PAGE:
Reginald Presley takes another red and yellow, aluminum arrow, puts it in his bow, pulls back and releases.
Five times in a row, he does it – again and again. Each arrow slices through the air before piercing the colored target more than 30 yards away.
Whuhhh-BAPP! Whuhhh-BAPP! Whuhhh-BAPP!
Presley hadn’t picked up a bow, he said, “since at least 1970-something,” but he nailed five out of six bullseyes during the archery exhibition at this year’s National Veterans Golden Age Games in Biloxi, Mississippi. The sixth came close, striking only inches outside the mark.
Presley is a recovering addict, and has been clean from drugs and alcohol for 13 years. He’s endured two hip replacements and says his life is on track thanks to the Miami VA Healthcare System and the Golden Age Games.
“It’s not been easy. It’s a fight every day, even now,” he said. “But I can’t believe how dedicated the people are at helping Veterans. It’s not a job to them. That’s what has touched me so much. I can’t believe so many people care so much about helping Veterans.”
He’s come a long way from the Florida outdoors, where he played in the woods with his five brothers and four sisters.
“We used to spend all day out there,” he said. “We’d play cowboys and Indians and other games. I’d make a bow out of a guava tree. They have really strong branches you could bend into a bow, and then we’d take stems from a palmetto branch for an arrow. They were pretty straight and pretty strong.
“I was just always good at it, and hit most things I shot at, even with the rude equipment we used. As we got older, mom bought us stuff as she could.”
Presley, 61, joined the Army in 1975 where he spent three years as a radio teletype operator. He said he drank and used drugs while in the service and continued after his discharge, going from job to job.
“I’m a hard worker and did good work, but I wouldn’t keep a job,” he said. “The longest I was in a job was three and a half years.”
By 2004, he had enough.
“I knew I had to do what I needed to do. It all starts and ends with me. I guess I was tired of being considered a nobody, or people looking at me like that. I knew I was better than that.”
VA helped get Presley clean, but he had a physical setback in 2013. Arthritis and years of drinking destroyed his hips and he needed two replacement surgeries.
“After the first one I was depressed, and it got even worse after the second one six months later,” he said. “I was thinking I was not going to be able to do what I used to do. That’s where the rec therapists come in and they are wonderful. They inspired me, and were shocked how fast I recovered. Second day, I was up with my walker.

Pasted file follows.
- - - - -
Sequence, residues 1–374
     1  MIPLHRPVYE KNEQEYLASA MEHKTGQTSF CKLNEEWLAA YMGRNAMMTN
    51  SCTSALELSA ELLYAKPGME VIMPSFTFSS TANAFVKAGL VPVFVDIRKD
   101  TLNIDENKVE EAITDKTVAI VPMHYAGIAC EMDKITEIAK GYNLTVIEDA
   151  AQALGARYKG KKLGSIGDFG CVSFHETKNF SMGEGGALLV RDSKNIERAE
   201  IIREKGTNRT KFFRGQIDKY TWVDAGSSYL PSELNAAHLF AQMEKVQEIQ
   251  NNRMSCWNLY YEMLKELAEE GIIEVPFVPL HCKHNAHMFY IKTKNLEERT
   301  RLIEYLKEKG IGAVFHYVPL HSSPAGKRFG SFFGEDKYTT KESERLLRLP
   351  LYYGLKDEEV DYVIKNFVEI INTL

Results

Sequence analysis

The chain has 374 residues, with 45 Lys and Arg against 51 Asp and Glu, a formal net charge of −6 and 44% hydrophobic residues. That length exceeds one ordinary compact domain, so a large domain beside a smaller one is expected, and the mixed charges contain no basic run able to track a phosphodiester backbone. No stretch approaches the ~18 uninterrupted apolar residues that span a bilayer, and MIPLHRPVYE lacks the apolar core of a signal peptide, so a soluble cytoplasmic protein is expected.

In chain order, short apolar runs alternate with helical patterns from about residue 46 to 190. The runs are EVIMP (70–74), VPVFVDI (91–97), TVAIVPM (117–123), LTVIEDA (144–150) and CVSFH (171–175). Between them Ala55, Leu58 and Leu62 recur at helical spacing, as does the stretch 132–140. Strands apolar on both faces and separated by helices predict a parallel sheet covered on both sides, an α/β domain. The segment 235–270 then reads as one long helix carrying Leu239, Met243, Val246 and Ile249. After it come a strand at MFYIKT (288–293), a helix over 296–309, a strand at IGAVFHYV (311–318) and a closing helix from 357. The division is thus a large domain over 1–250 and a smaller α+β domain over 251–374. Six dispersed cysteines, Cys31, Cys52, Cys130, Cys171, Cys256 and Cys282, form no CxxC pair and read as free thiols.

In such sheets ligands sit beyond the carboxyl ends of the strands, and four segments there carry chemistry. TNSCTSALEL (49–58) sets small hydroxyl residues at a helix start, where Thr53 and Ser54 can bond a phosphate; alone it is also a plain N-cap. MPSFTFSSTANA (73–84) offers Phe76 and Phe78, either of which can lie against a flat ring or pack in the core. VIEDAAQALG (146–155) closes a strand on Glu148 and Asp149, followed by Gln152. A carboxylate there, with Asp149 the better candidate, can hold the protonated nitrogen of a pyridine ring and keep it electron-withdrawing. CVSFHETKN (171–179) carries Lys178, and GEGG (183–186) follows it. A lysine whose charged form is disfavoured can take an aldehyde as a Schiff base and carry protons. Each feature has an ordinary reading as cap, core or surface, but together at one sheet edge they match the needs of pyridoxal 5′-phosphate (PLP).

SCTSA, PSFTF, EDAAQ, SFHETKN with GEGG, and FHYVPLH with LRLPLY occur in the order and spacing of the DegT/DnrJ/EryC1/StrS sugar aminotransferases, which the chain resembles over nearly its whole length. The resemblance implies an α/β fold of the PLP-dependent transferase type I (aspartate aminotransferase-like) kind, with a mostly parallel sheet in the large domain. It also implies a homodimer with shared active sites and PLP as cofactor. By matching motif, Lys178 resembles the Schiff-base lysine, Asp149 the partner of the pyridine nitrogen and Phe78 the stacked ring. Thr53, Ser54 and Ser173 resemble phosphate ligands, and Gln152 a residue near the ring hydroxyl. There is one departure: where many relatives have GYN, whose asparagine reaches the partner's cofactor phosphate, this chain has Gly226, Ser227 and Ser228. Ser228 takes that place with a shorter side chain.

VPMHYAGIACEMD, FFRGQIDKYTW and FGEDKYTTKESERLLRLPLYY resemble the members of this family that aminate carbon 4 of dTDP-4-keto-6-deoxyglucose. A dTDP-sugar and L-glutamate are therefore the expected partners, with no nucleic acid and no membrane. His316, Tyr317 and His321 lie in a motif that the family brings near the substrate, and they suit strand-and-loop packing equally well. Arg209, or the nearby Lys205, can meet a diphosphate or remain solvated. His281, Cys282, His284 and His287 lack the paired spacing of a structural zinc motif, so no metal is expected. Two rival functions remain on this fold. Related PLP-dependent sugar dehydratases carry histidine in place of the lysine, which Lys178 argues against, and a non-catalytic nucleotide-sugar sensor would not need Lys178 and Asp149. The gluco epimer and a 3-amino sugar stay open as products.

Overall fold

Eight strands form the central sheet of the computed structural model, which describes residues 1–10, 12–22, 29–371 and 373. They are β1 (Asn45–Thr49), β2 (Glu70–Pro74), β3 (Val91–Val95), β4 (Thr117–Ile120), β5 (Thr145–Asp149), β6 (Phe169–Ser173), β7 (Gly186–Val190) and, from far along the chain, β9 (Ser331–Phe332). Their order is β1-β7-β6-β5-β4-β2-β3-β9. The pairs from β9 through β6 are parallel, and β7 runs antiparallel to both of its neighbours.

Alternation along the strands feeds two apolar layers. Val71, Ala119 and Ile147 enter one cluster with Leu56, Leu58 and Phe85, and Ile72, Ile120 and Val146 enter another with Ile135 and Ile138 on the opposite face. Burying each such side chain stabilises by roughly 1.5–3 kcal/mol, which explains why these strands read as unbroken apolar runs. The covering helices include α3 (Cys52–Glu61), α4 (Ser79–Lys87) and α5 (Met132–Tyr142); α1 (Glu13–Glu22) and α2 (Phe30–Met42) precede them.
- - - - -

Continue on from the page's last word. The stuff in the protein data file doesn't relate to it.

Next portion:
“They were the ones who told me about the sports programs and the Games,” Presley said.
Zuleika Smith, a recreation therapist at the Miami VA, said that’s part of the strategy to help Presley and others get better.
“He’s a little shy, but we knew with him competing and with his sports, that was going to help his overall self-esteem and he can accomplish great things,” Smith said. “We focus on the positive aspect and not looking back at any negativity. We ask, ‘How can we move forward from this day on?’”
Smith said Presley, only in his second year at the Golden Age Games, got really excited when he found out about the archery exhibition. Officials like to audition new games for a couple years to gauge interest and see if it will become a permanent event.
But as the Games drew closer, Presley had second thoughts.
“You’re gonna do it,” Smith told him. “You’ve got to give it a try.”
“We strongly believe in not saying, ‘Shoulda, woulda, coulda,” she said.
The payoff was watching him shoot.
“He got that first bullseye and I was so excited!” she said. “I was like, ‘Yes! That’s what we came out here to do! That’s what it’s all about!’”
His brother, Xavier, nine months younger, was along for the Games in Detroit last year, and joined Reginald in Biloxi for the first couple of days.
“I had my birthday hanging out with him this week, and couldn’t have asked for a better birthday,” Xavier said. “I have looked up to him my whole life. So when he got clean and sober, we went to meetings together. He’s been there for all of us, so I want to be there for him.”
Xavier said he wasn’t surprised at how well he did, either.
“He’s one of the smartest most humble people I know, but I’ve been telling everybody back in Miami and nobody is surprised. He used to go out with his homemade bow and arrows and shoot rabbits and birds, and that’s what we would eat. You should see him with a slingshot. He can get a bird out of the air while it’s flying.
“That coach he got, I told her, ‘I’m so happy for what you’ve done for him. He doesn’t get upset or depressed. He doesn’t get in that shell where he gets stuck in his room not talking to anybody.”
And just like Smith said, Reginald isn’t looking at the past.
“Everybody has been complimenting me and it just blows me away,” Presley said. “That has touched me so much. I’m hoping they make archery a permanent game because I’m already looking forward to next year, and pricing some bows and arrows so I can keep at it.”
He’s been working at the Miami VA in the Compensated Work Therapy program and has put in two applications for full-time jobs.
“I’m proud of my accomplishments,” he said. “That’s what this program has done for me. It’s given me the drive and the hope.”